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The Unsinkable Elizabeth Green

  • Apr. 6th, 2011 at 7:01 PM

It's not easy being Green

For Elizabeth May, it's debata-vue all over again

Tuesday was a good news/bad news sort of day for the Green Party.

On the one hand, Elizabeth May's band of political upstarts lost their bid to have the Federal Court make an emergency ruling giving her a seat at the table for next week's televised leaders' debates.

On the other hand, if the results of a poll commissioned by the Globe and Mail are to be believed, a significant majority of Canadians either "strongly" or "somewhat" support her presence at the boys' table.

Now May is calling for a boycott of next week's debates by the other party leaders and hoping for a repeat of 2008, when an enormous public outcry more or less forced the broadcasting consortium to let her in (and, don't forget, for Jack Layton and Stephen Harper to rescind their threats to withdraw should she be permitted to take part).

But should the Green Party have a seat at the table? After all, they've never elected a Member to the House of Commons and the party managed only 6.77% of the popular vote last time out.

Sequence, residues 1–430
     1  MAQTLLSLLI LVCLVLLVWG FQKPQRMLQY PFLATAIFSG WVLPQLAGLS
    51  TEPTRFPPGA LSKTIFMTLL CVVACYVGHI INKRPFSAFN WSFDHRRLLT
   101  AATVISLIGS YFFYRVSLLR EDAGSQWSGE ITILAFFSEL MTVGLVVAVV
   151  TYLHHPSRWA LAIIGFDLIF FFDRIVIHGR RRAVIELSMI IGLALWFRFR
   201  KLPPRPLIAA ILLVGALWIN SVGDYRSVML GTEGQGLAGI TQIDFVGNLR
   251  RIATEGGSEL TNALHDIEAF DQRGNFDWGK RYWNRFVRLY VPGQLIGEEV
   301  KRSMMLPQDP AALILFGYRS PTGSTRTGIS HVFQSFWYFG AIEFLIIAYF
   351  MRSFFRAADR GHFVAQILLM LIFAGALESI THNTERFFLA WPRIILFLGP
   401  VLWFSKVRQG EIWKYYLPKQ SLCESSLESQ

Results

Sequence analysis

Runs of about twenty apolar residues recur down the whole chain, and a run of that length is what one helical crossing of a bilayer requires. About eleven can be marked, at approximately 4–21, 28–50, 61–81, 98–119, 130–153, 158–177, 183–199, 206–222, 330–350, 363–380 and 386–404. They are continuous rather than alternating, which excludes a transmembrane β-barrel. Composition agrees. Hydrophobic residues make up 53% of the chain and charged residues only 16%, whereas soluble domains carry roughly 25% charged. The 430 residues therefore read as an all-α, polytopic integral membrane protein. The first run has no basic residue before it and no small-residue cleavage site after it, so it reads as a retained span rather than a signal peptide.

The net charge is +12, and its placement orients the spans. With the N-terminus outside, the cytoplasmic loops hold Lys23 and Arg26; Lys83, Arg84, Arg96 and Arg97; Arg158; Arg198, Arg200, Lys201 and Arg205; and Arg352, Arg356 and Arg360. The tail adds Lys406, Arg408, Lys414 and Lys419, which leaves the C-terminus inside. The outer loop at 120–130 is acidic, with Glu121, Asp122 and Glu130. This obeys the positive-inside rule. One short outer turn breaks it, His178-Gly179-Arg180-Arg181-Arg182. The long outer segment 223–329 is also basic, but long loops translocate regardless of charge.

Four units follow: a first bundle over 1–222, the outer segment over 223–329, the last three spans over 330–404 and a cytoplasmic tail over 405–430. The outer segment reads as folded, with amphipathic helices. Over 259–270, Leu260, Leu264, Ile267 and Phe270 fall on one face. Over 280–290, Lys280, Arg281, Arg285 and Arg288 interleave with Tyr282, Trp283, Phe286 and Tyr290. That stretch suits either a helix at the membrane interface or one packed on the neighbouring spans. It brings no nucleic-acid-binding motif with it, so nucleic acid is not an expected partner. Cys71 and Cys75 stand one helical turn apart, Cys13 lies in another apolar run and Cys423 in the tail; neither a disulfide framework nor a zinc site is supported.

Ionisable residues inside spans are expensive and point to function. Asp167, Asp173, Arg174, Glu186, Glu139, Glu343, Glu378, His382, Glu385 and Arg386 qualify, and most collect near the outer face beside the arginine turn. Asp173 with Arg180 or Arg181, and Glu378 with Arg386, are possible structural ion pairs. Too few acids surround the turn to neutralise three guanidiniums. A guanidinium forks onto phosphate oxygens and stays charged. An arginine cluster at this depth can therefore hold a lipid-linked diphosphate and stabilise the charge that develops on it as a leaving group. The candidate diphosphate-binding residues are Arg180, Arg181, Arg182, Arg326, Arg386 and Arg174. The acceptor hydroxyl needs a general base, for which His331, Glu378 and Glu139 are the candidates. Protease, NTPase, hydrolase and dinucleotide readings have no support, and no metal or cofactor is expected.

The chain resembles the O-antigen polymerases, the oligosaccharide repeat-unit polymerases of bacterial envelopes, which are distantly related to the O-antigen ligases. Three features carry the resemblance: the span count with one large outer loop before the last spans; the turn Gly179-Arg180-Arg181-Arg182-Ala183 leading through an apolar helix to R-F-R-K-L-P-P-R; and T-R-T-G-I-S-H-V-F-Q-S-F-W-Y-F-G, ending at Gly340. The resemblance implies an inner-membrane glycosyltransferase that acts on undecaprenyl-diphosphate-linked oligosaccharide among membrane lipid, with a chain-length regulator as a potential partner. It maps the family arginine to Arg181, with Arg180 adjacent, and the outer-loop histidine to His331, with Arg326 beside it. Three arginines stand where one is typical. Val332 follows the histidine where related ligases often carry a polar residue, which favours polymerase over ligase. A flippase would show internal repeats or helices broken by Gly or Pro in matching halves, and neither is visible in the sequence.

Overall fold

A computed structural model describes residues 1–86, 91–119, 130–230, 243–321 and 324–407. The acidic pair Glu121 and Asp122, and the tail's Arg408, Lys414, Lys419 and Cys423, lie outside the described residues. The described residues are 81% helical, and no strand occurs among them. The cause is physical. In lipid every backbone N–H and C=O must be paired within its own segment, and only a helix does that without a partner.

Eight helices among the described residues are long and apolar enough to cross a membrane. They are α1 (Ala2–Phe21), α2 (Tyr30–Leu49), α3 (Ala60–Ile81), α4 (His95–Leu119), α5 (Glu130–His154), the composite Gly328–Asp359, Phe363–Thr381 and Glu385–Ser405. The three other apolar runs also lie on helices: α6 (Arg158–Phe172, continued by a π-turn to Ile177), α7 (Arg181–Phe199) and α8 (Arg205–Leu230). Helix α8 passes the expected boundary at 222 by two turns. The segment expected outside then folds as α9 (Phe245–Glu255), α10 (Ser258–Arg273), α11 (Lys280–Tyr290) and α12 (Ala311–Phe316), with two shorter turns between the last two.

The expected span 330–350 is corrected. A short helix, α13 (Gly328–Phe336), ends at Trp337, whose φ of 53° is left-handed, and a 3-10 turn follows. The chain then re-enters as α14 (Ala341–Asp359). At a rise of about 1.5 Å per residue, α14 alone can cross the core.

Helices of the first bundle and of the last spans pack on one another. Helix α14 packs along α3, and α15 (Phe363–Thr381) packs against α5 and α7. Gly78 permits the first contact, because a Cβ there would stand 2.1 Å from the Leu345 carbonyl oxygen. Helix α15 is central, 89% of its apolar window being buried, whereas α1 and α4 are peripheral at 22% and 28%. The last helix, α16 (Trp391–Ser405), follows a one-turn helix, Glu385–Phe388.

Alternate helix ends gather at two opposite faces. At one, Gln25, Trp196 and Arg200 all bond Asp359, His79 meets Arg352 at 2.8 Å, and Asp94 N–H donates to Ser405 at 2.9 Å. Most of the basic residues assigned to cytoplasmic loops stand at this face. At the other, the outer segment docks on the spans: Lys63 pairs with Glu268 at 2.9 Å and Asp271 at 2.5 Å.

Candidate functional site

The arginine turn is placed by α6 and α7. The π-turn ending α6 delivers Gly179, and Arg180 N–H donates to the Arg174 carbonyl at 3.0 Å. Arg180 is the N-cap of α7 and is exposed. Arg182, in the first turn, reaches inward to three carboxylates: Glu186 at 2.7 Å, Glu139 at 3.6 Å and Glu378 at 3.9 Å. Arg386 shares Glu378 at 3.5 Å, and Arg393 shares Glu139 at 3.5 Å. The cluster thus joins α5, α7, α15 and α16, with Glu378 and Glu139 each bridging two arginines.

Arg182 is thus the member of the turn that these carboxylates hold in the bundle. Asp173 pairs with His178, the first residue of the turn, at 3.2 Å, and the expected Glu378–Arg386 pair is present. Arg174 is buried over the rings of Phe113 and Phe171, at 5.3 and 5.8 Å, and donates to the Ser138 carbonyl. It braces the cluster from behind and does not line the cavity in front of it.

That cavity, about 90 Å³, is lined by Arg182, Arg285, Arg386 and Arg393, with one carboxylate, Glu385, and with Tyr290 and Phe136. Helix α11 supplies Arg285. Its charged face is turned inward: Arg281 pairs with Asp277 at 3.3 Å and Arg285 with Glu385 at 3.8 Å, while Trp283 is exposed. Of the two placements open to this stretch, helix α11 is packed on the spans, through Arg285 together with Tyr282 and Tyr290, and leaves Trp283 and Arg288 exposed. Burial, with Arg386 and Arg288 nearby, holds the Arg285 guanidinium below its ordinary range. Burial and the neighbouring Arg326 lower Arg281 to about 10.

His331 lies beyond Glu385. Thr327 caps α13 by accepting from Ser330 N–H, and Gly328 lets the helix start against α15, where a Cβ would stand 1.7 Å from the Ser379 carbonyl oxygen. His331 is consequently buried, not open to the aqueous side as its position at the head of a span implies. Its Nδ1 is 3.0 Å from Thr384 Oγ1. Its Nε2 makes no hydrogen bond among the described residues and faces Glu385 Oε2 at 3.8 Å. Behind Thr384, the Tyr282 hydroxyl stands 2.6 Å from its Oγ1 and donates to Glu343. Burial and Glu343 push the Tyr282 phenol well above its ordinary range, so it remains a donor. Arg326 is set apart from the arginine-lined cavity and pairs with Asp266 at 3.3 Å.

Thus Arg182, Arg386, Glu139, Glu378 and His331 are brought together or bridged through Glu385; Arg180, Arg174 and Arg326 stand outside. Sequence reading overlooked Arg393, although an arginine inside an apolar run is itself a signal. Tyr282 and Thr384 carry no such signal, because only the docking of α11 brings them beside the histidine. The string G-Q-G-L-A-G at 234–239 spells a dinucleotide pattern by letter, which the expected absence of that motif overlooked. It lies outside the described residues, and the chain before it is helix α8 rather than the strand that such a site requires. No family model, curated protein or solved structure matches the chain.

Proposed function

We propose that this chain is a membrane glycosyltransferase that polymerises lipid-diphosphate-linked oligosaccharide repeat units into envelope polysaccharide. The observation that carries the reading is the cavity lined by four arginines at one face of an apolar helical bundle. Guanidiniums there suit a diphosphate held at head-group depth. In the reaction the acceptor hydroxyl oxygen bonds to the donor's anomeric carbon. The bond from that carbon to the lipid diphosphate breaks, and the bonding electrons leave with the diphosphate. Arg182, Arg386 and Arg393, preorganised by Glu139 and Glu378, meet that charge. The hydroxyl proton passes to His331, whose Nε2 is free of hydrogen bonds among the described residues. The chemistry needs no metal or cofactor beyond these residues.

Read the full article at Edifice Rex Online.


jo: (BigBang)
[personal profile] jo wrote:
Apr. 7th, 2011 06:48 pm (UTC)
People forget that last time around the Greens actually did have a sitting MP - Blair Wilson who defected from the Liberals. OK, he wasn't really sitting because the House wasn't in session when he switched sides, but technically speaking, the Greens had an MP, however briefly, going into the 2008 election.

I'm with Chantal Hebert on this. I don't think May should be in the debates because she's turned the Green Party into an "elect Lizzie May" party. Maybe they shouldn't run candidates in all 308 ridings - maybe they should just really focus on half a dozen or so try to actually win seats where their numbers are pretty good, rather than scatter their limited resources all over the place.
ed_rex: (Default)
[personal profile] ed_rex wrote:
Apr. 11th, 2011 04:49 pm (UTC)
Strategy shouldn't be the criteria
Breaking into Parliament as a nationally-based party is a real bitch in a first-past-the-post system, but I don't think that a new party's electoral strategy should determine whether or not they're permitted to play with the big boys.

I still think getting two out of three points based on the criteria I proposed is both more fair and also manages to keep the genuine fringe parties out.